This is a class devoted to the study of securing distributed systems, with decentralized digital currencies called blockchains serving as our real platform of interest. We'll start with the fundamentals of Lamport's, Fischer's, and Douceur's results that fence-in consensus systems, beyond blockchains. We'll also look at the efficiency of the network architectures for peer-to-peer communication and attacks on their security such as denial of service attacks). And we'll review applied crypto such as elliptical curves used, for example, to maintain message integrity. Other topics include privacy and attribution, economics and finance, and crime. Even if systems could be "fully secured" against all technical vulnerabilities they would still play a role in violating higher-layer policies, and a portion of the course will be devote to finance, law, and economics as they related to distributed systems. Assignments will include programming projects and reading research papers. The grade is also based on exams and participation in discussion. This course counts as a CS Elective toward the CS major (BA/BS), as well an Any 2 menu choice for the Security & Privacy track. Part of the Trust, Assurance and Cybersecurity Certificate (TACC) Program.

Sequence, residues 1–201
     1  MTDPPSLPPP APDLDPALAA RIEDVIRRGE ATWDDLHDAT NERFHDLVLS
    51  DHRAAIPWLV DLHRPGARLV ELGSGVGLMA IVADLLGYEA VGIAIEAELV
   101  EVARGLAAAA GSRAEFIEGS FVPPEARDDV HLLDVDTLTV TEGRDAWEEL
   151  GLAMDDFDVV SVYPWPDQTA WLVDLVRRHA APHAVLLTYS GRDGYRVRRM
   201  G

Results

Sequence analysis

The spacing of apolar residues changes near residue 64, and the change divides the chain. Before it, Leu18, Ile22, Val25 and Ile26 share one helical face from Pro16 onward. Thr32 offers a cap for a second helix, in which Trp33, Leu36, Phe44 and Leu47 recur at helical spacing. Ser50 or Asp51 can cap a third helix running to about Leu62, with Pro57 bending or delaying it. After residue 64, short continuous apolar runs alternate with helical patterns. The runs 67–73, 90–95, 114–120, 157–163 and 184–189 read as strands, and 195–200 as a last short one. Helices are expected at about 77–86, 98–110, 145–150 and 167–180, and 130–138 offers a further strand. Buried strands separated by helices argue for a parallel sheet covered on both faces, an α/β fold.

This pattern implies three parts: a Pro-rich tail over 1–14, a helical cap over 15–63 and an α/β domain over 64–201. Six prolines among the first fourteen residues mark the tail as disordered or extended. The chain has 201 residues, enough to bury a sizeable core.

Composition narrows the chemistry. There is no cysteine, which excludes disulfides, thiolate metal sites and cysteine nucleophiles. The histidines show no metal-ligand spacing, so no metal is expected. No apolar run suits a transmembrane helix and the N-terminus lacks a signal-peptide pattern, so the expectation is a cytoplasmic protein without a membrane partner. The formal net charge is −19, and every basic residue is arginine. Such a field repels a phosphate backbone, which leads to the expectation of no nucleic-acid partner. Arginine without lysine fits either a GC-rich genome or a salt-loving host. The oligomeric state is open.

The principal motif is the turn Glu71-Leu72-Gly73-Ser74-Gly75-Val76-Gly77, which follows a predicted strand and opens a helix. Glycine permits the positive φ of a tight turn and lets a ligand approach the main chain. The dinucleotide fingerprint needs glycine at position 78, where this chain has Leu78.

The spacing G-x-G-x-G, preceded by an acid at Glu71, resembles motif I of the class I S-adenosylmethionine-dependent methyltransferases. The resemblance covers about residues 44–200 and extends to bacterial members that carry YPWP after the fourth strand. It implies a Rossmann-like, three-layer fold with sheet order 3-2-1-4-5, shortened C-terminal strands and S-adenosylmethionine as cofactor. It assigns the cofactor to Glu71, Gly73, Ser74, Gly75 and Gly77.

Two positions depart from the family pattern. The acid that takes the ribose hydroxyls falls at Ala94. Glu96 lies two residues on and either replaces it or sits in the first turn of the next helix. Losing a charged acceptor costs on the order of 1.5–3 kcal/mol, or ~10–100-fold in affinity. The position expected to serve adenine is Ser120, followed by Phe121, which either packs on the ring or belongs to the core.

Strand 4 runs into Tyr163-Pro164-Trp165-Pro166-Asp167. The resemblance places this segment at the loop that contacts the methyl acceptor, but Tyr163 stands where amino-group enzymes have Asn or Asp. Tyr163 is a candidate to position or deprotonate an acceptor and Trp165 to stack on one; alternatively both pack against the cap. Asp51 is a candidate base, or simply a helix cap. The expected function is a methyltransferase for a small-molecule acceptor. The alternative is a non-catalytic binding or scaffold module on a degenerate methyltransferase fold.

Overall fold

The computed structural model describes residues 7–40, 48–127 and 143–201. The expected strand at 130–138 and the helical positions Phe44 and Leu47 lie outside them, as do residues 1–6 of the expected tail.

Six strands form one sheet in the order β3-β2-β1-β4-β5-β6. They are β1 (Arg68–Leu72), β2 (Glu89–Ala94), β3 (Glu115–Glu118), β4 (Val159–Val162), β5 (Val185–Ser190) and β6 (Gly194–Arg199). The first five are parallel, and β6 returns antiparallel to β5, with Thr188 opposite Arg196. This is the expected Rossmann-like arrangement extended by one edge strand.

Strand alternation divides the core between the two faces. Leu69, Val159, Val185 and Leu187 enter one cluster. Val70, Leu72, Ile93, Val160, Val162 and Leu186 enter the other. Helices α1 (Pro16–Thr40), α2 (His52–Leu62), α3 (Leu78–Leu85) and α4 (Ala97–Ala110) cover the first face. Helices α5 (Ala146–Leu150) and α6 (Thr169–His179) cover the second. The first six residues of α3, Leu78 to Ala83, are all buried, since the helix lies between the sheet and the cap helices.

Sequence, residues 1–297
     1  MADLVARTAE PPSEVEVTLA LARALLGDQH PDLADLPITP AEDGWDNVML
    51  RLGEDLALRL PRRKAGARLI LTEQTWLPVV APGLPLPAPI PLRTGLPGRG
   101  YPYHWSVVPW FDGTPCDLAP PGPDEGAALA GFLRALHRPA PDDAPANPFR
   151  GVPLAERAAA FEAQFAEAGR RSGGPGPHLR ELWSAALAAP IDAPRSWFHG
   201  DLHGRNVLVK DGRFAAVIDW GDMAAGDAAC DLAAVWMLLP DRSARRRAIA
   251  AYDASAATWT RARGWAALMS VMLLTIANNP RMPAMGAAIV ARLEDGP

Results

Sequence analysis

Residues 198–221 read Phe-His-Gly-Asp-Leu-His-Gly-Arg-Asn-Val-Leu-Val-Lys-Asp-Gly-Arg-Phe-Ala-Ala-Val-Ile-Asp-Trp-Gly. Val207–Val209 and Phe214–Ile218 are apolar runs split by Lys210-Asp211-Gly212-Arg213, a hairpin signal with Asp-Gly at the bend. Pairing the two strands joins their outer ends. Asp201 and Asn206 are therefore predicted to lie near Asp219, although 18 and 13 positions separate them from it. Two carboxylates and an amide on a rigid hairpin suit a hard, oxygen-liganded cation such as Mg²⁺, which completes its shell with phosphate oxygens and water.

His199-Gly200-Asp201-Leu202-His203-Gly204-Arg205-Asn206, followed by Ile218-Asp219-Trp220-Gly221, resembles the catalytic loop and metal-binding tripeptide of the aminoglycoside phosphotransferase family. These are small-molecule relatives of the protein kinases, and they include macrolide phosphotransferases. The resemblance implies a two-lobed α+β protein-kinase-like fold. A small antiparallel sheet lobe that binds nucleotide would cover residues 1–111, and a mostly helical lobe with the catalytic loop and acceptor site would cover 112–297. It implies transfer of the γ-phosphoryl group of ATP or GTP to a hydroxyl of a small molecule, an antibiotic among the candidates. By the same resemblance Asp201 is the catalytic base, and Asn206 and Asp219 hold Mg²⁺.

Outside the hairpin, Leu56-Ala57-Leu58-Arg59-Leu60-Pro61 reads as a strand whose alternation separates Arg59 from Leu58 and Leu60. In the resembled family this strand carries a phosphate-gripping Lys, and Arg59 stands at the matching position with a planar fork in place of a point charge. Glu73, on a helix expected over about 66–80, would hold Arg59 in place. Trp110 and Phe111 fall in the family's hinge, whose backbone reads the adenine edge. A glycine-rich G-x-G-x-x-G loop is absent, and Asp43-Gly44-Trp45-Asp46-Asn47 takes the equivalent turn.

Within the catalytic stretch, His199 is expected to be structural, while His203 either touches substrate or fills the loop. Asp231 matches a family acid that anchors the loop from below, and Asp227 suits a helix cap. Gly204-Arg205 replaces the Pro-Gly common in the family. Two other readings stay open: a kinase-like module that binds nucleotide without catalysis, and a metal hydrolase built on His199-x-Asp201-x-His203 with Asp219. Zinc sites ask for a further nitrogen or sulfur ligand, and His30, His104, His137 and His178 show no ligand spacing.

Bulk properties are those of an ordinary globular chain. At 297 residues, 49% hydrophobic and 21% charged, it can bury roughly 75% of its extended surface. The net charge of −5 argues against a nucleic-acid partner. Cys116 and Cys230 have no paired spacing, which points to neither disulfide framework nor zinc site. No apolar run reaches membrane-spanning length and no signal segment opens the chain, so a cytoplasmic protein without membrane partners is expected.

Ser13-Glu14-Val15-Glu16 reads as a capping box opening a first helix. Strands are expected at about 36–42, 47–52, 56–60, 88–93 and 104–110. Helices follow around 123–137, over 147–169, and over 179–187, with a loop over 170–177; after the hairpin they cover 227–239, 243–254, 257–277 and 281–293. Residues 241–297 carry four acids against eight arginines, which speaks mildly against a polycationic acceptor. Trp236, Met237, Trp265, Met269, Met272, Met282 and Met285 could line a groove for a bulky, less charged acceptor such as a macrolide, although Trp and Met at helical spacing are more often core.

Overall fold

Secure Distributed Systems
Monday, November 7, 2016 to Monday, February 6, 2017